For use with 'gophish' from Jordan Wright
These scripts are based on a series of assumptions which are true for our own work. If these don't match the way you do your phishing, then these scripts may not be for you...
1 - The core concept is that of a named "base group" of staff to be tested. Generally either all staff at a client, or one department of a business. Probably should be no more than about 500 staff, but there is no problem having phishing campaigns going for multiple "base groups" at one time.
2 - Rather than send a base group all the same 'phish', and all at once - the scripts instead send different 'phishes', spread over two weeks, with each staff member getting at least 2 of the 10 different 'phishes'.
3 - There will be 'sets' of 10 phishes, so that we can send a new "base group" of users the same set as was sent to other users (which can allow useful comparisons), or the one "base group" different sets in the future - if for example, regular 'fire drill' testing is done.
4 - The schedules of when 'phishes' are sent out are also able to be selected. One named schedule might be "NormalFortnight" where phishes are sent out evenly over a two week period, another might be "BigBang", where 50% of phishes are sent on the first day - then a trickle over the rest of a week.
5 - Although the 'gophish' server is doing the bulk of the work, apart from initial loading of the users, setting up of templates etc. there is no need to login to its interface.
6 - A client Linux or Windows machine could be used to run these scripts, because everything is done via the gophish API.
7 - The 'gophish' server however, could be running on Linux, Windows or OSX.
8 - Despite the above, most development and testing has been done with one Linux server that runs both the 'gophish' server and these scripts, so not everything may go according to plan in other environments. Any problems, raise an issue on Github.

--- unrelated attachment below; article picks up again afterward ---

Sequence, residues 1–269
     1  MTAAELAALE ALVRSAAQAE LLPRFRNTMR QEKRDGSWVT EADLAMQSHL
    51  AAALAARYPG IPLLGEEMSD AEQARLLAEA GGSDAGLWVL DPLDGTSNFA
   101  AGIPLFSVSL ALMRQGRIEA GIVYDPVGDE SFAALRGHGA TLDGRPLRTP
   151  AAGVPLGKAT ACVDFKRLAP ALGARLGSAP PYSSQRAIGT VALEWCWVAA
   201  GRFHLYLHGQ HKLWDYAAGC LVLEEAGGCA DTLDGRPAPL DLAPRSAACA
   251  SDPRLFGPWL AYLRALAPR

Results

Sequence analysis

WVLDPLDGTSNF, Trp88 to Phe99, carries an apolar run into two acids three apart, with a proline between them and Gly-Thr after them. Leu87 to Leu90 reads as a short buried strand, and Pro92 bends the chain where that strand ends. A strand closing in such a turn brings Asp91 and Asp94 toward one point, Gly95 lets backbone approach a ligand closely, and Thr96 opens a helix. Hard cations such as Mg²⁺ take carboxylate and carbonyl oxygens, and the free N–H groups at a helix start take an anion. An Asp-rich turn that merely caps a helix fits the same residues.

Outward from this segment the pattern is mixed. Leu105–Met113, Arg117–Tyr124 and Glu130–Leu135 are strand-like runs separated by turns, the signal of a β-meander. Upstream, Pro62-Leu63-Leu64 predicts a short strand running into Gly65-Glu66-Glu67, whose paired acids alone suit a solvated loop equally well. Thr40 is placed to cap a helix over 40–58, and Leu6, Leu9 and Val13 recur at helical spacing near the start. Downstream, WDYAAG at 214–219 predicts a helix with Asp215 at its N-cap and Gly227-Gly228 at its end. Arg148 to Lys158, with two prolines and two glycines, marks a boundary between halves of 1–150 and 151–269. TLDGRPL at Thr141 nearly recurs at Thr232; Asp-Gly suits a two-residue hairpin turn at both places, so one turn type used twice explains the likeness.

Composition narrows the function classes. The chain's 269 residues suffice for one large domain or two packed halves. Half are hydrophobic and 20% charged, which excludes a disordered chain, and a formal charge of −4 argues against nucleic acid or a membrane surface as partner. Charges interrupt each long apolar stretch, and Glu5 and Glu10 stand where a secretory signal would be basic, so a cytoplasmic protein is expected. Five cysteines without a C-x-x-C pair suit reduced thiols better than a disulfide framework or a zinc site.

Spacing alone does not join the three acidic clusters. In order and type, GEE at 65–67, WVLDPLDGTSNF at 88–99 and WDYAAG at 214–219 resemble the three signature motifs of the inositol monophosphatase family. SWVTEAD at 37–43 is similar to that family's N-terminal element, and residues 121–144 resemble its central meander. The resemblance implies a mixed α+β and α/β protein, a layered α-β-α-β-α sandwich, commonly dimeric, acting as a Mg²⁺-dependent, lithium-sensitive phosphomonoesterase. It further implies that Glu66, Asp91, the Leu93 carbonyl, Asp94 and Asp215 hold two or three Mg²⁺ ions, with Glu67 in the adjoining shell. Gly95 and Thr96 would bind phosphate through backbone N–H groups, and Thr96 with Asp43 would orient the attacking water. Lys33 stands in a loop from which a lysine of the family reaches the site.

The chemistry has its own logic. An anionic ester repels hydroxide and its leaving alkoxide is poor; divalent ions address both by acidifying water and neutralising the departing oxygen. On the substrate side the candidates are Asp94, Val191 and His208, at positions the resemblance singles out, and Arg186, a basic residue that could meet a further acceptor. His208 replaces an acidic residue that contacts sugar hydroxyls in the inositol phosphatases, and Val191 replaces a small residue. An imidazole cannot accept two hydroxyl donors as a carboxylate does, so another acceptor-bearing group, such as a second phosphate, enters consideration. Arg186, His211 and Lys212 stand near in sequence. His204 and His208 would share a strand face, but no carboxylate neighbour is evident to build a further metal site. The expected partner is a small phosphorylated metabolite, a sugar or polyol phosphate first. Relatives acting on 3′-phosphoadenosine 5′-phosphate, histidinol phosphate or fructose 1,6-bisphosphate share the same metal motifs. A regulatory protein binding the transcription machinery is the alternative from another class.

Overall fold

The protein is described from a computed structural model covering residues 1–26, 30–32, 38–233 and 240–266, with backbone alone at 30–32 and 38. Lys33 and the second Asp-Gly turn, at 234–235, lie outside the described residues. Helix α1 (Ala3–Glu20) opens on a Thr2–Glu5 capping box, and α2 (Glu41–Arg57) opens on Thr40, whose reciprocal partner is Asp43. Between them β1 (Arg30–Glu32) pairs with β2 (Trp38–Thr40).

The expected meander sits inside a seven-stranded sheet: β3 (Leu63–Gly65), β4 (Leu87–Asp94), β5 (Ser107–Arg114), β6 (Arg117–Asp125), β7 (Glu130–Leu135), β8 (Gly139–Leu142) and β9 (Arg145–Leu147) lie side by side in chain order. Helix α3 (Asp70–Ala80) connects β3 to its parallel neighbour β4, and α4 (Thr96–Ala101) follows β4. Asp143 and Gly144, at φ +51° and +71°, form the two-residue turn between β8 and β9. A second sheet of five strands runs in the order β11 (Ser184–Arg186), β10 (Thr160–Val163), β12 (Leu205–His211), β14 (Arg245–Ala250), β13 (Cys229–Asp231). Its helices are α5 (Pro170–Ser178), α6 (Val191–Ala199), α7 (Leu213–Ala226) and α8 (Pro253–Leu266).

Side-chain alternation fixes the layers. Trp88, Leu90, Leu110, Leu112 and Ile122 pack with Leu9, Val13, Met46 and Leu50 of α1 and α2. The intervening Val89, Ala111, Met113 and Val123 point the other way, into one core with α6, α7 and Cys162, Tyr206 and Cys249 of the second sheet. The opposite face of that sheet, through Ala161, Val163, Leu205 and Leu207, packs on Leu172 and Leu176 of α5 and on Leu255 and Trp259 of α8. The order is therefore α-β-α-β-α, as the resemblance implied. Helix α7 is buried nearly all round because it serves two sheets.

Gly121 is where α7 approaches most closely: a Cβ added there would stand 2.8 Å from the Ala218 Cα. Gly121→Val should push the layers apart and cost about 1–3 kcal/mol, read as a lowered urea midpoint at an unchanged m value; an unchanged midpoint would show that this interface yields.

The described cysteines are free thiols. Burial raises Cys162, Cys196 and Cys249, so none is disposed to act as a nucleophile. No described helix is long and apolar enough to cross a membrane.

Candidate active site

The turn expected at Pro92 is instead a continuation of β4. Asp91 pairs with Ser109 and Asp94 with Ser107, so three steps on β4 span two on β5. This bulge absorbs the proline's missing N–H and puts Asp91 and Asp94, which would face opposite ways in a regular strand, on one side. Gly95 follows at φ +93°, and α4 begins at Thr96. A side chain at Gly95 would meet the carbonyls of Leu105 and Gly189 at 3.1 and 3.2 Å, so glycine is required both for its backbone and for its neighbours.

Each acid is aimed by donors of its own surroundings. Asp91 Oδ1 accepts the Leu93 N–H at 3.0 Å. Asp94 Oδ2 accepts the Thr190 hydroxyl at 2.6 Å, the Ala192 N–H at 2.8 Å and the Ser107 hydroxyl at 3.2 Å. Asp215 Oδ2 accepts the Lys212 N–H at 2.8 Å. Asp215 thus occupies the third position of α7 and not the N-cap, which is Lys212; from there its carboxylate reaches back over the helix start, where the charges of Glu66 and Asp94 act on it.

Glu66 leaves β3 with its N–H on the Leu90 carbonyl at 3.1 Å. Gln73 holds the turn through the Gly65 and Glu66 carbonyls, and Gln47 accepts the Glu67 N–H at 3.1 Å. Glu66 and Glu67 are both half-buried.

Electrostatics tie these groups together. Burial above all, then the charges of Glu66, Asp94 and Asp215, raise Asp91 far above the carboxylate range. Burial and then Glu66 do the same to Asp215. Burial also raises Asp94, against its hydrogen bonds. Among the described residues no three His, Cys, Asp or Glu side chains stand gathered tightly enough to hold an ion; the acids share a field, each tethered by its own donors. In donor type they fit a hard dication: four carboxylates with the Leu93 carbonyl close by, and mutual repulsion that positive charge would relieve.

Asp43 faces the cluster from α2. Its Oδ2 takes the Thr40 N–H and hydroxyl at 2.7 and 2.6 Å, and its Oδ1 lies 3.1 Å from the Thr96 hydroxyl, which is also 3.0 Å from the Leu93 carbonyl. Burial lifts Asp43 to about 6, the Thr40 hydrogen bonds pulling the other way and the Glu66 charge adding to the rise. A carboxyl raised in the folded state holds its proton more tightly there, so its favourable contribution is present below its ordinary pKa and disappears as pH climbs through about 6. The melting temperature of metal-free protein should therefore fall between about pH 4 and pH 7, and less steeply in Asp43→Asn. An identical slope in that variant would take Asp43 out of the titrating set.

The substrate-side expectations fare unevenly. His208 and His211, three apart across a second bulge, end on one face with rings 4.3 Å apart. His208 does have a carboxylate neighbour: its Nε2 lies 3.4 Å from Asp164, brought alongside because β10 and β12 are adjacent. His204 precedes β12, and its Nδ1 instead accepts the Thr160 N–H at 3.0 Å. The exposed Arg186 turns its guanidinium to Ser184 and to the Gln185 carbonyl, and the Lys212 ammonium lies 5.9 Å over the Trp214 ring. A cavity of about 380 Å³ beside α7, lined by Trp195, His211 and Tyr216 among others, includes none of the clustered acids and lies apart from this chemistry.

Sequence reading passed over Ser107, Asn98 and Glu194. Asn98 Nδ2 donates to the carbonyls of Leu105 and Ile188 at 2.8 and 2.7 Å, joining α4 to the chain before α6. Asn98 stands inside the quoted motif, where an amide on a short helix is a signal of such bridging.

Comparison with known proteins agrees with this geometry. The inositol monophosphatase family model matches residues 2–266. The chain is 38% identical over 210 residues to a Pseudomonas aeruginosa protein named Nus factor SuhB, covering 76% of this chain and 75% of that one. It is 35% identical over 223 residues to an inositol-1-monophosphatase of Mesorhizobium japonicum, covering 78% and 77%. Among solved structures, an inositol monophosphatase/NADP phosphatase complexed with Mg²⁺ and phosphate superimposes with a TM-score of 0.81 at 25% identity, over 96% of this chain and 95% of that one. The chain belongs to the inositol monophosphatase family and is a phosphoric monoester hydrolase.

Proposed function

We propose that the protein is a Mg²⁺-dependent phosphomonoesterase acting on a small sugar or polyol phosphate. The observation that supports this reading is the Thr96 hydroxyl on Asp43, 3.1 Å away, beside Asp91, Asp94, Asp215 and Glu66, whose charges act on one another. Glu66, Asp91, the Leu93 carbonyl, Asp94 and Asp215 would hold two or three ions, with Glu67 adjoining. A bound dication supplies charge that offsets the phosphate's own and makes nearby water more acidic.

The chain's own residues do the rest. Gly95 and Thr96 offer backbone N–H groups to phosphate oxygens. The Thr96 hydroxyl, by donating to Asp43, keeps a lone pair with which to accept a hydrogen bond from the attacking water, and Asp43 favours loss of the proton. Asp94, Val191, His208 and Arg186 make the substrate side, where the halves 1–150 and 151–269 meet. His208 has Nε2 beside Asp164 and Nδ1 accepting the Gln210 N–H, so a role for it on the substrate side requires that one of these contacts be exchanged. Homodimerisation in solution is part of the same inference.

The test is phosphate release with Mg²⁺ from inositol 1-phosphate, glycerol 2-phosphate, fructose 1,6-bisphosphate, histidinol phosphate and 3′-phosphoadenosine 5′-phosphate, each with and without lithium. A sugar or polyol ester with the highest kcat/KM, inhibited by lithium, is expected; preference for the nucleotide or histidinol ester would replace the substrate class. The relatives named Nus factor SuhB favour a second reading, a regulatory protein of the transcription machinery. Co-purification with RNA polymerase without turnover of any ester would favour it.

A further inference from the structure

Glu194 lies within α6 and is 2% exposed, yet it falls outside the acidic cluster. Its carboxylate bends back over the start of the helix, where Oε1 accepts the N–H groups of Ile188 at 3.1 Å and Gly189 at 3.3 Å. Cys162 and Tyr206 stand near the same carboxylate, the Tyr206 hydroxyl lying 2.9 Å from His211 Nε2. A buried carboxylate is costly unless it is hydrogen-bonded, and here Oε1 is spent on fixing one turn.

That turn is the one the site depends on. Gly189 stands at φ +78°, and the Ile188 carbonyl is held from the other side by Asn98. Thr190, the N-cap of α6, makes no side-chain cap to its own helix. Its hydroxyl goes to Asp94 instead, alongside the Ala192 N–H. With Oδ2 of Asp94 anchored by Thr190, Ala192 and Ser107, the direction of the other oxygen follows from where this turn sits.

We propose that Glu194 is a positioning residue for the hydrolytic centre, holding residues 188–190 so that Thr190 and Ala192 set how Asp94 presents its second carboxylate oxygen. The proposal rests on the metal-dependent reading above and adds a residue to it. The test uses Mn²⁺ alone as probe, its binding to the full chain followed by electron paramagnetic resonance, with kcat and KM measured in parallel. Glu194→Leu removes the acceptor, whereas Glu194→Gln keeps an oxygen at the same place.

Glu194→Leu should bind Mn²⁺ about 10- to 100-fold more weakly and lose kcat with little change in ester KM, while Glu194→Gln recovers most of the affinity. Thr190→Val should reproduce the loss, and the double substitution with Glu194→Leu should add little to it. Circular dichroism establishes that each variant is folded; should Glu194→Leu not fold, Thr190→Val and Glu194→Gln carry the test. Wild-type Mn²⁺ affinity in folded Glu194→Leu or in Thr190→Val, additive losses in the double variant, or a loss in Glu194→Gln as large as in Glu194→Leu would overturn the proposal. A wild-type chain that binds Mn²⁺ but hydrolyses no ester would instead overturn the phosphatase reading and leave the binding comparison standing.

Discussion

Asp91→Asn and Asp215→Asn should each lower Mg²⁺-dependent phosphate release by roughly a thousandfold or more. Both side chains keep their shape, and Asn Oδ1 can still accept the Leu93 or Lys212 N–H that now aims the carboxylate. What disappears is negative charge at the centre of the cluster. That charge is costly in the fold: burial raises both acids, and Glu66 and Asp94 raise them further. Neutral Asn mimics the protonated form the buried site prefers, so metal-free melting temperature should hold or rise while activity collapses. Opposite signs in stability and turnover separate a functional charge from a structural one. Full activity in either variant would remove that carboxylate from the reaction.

- Place scripts on the path, and set executable with 'chmod +x'
- Good locations would be /usr/bin/local or ~/bin
- The scripts expect configuration files in ~/.phishbuckets - as follows:
- config - Main configuration options
- mailshot_time.yaml - Sets of one of more mailshot times
- phishes.yaml - Sets of 'phishes', email templates, URLs and senders
An example of config is:
[Global] GOPHISH_SERVER_URL="http://phish.example.com:3333" GOPHISH_KEY="12345ce123238a79d303146d283f0601a3818f1fd12345e0252bd08069a5c3cd" # where various informational emails will be sent: PHISH_MASTER="firstname.lastname@example.org" # ...and who they'll appear to be from: FROM="email@example.com"
The format of phishes.yaml and mailshot_time.yaml is documented in pbconfig.py with examples.
Required setup in 'gophish'
These automation scripts only make sense if you've already configured gophish and can sucessfully "manually" send off campaigns, and collect results. At that point:
- Setup ten email templates, sending smtp profiles and decide upon the URLs you will use
- Document these ten phishes in your phishes.json file
- Decide on a schedule, and document in mailshot_time.json
- Add your server URL, API key and your 'phishmaster' email to the config_ file
At this point you should be able to test the system by typing something like:
pbschedule MYGROUP 15/5/2017 first first
The script is pretty good at giving useful feedback on what is wrong.
At the end of the two week run, email yourself the results, and logs, with:
pbcollectresults MYGROUP firstname.lastname@example.org
Once finished, it's helpful to clean up the by deleting all these campaigns and the ten "sub-groups" of users. Do it like this: